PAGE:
Rabbis have a word for this. It’s “chutzpah.” Rose French of the Strib reports: “Minnesota Roman Catholics will receive a letter this week from the state’s bishops, urging them to donate money for television ads asking voters to say yes to a constitutional amendment to ban same-sex marriage. For many of the more than 400,000 Catholic households expected to get the letter, it marks the first time they’ve been asked by church leadership to make a financial donation to Minnesota for Marriage, the chief group campaigning for passage of the marriage amendment Nov. 6. … In trying to reach every Catholic household in Minnesota, the mailing is “unusual” compared to Catholics’ roles in marriage amendment campaigns in other states, said John Green, a political science professor at the University of Akron (Ohio), who studies politics and religion. ‘I can’t think of anything as direct and as explicit,’ Green said. ‘I’m not saying there’s anything wrong with it legally, but certainly I’m sure it’s very controversial. Catholic leaders have been involved in fundraising. I know of examples where they have reached out to parishioners, but I’ve never heard of anything quite this comprehensive.’ ” Now you have.
Joe Senser doesn’t think much of certain prosecuting attorneys. Abby Simons of the Strib writes: “Amy Senser’s attorney argued Monday for her freedom as she appeals her criminal vehicular homicide convictions, while her husband made an even more vocal case for his wife in a defiant statement that accused prosecutors of manipulation and lies. … Joe Senser left the courtroom shortly after the hearing began and was waiting for reporters afterward in the atrium of the courthouse. He repeatedly referred to Freeman as ‘Elected County Attorney Freeman’ and Assistant Hennepin County Attorney Deborah Russell, who prosecuted the case, as ‘Complicit Russell.’ … Joe Senser ended his speech by urging Attorney General Lori Swanson to ‘keep an eye on this.’ He was emotional when he added that although Phanthavong’s family requested he no longer apologize, ‘I want them to know that my family will always honor the memory of Anousone Phanthavong.’ ‘And we are good and decent, hardworking people and I don’t apologize for hard work’, he said. ‘They tried to paint Amy Senser as this rich, white Edina housewife, and nothing could be further from the truth.’ “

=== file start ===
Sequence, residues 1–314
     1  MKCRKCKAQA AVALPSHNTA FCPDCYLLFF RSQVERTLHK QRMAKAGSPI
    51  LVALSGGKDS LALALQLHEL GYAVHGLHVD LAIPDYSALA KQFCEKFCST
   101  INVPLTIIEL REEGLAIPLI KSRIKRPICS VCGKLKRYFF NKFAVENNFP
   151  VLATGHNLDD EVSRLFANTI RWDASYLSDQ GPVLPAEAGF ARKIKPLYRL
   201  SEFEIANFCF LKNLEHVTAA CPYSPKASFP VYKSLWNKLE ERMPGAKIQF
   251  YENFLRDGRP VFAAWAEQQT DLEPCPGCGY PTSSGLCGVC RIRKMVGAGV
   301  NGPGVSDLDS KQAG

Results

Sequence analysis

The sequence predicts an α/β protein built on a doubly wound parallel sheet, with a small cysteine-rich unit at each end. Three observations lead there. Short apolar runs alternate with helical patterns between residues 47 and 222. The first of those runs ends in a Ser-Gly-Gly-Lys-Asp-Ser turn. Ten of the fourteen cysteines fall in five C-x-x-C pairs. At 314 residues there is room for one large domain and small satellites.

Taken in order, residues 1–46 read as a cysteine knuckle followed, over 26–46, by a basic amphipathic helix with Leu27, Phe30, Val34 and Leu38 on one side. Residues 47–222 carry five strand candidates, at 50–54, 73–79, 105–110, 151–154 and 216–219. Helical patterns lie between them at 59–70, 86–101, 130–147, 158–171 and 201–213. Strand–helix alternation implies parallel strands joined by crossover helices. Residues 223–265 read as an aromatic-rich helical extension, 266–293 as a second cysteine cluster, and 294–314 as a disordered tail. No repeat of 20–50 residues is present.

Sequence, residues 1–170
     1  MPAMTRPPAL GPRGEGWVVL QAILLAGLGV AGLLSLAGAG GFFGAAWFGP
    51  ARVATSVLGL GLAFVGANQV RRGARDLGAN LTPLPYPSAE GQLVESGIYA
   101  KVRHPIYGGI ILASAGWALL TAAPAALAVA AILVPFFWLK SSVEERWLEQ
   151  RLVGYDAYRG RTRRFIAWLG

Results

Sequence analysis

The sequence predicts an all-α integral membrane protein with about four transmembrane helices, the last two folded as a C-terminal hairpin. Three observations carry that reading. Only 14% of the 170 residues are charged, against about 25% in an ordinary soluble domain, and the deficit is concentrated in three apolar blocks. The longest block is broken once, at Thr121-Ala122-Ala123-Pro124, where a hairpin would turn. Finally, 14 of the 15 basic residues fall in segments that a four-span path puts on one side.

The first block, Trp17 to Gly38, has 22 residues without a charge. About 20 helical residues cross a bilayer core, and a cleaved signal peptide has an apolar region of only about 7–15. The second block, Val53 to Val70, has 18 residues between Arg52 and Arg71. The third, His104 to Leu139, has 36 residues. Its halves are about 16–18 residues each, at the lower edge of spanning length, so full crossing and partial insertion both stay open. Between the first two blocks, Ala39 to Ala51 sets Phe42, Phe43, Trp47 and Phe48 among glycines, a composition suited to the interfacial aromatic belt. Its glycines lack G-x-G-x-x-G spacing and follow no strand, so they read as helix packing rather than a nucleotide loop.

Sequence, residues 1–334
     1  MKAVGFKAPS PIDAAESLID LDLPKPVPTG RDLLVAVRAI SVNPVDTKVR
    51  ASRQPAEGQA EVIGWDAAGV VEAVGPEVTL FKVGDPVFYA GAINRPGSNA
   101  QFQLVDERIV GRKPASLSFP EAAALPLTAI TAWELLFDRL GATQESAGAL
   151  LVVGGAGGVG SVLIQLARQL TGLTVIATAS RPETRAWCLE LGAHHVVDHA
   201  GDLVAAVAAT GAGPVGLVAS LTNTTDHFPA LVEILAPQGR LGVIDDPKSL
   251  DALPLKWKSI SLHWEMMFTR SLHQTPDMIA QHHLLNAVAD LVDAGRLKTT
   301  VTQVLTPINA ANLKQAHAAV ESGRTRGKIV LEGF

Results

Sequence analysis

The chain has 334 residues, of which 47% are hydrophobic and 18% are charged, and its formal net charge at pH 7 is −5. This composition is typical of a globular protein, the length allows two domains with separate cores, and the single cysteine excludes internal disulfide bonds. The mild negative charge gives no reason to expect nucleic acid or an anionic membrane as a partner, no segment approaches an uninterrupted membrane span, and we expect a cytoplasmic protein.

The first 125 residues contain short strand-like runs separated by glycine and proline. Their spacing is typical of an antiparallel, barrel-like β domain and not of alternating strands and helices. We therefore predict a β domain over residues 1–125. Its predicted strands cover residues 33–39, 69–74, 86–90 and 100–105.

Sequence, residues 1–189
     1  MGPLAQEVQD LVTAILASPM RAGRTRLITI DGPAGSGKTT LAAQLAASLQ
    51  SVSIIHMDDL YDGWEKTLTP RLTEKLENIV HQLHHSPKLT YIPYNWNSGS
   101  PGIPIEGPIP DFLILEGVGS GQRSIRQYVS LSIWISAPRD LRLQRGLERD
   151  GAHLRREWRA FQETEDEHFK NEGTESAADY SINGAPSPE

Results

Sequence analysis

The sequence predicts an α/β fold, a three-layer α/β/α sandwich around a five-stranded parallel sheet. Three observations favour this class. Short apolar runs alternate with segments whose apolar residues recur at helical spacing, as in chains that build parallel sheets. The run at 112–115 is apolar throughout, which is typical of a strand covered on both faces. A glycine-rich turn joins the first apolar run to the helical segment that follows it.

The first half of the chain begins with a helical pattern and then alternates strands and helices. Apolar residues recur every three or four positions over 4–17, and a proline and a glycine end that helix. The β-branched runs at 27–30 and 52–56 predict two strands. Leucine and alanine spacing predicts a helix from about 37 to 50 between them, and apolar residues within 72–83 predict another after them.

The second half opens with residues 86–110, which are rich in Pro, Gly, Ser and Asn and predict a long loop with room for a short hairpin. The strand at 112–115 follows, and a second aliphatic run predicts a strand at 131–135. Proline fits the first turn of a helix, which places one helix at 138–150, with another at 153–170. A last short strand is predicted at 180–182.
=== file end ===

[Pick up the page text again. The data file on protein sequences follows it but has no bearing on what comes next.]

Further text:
The latest opposition to expanded mineral leases in northeast Minnesota is a citizens’ petition. Steve Karnowski’s AP story says: “Citizens in northeastern Minnesota plan to file a petition Tuesday objecting to the state’s plans to auction off more metallic minerals exploration leases, saying the potential for new prospecting and mining could have a significant impact on the environment. A copy of the petition provided to the Associated Press on Monday asks for the Department of Natural Resources to prepare an environmental assessment worksheet before awarding the leases, saying they could affect trout streams and other sensitive natural resources, drinking water wells, popular recreational trails and property values. More than 140 people have signed it. The DNR announced plans to auction the mineral rights to 64,000 acres earlier this month amid growing interest in the large untapped reserves of copper, nickel and precious metals under northern Minnesota.”